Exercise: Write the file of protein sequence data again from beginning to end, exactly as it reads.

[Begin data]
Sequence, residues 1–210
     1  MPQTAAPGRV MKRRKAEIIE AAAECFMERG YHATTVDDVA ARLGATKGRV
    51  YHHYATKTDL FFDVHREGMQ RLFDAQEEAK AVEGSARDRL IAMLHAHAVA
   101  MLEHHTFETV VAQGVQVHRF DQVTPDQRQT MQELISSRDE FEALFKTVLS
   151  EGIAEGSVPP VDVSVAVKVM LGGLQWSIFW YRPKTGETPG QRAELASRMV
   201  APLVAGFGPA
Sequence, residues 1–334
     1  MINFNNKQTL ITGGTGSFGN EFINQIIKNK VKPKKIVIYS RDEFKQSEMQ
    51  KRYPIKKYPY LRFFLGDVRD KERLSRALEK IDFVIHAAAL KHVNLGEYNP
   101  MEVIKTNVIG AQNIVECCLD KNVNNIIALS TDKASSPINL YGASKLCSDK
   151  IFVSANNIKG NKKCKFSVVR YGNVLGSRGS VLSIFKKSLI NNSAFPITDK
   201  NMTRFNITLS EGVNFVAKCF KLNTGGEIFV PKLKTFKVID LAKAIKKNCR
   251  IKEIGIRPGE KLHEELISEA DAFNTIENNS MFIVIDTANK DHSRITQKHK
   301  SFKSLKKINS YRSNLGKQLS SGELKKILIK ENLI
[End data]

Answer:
Sequence, residues 1–210
     1  MPQTAAPGRV MKRRKAEIIE AAAECFMERG YHATTVDDVA ARLGATKGRV
    51  YHHYATKTDL FFDVHREGMQ RLFDAQEEAK AVEGSARDRL IAMLHAHAVA
   101  MLEHHTFETV VAQGVQVHRF DQVTPDQRQT MQELISSRDE FEALFKTVLS
   151  EGIAEGSVPP VDVSVAVKVM LGGLQWSIFW YRPKTGETPG QRAELASRMV
   201  APLVAGFGPA
Sequence, residues 1–334
     1  MINFNNKQTL ITGGTGSFGN EFINQIIKNK VKPKKIVIYS RDEFKQSEMQ
    51  KRYPIKKYPY LRFFLGDVRD KERLSRALEK IDFVIHAAAL KHVNLGEYNP
   101  MEVIKTNVIG AQNIVECCLD KNVNNIIALS TDKASSPINL YGASKLCSDK
   151  IFVSANNIKG NKKCKFSVVR YGNVLGSRGS VLSIFKKSLI NNSAFPITDK
   201  NMTRFNITLS EGVNFVAKCF KLNTGGEIFV PKLKTFKVID LAKAIKKNCR
   251  IKEIGIRPGE KLHEELISEA DAFNTIENNS MFIVIDTANK DHSRITQKHK
   301  SFKSLKKINS YRSNLGKQLS SGELKKILIK ENLI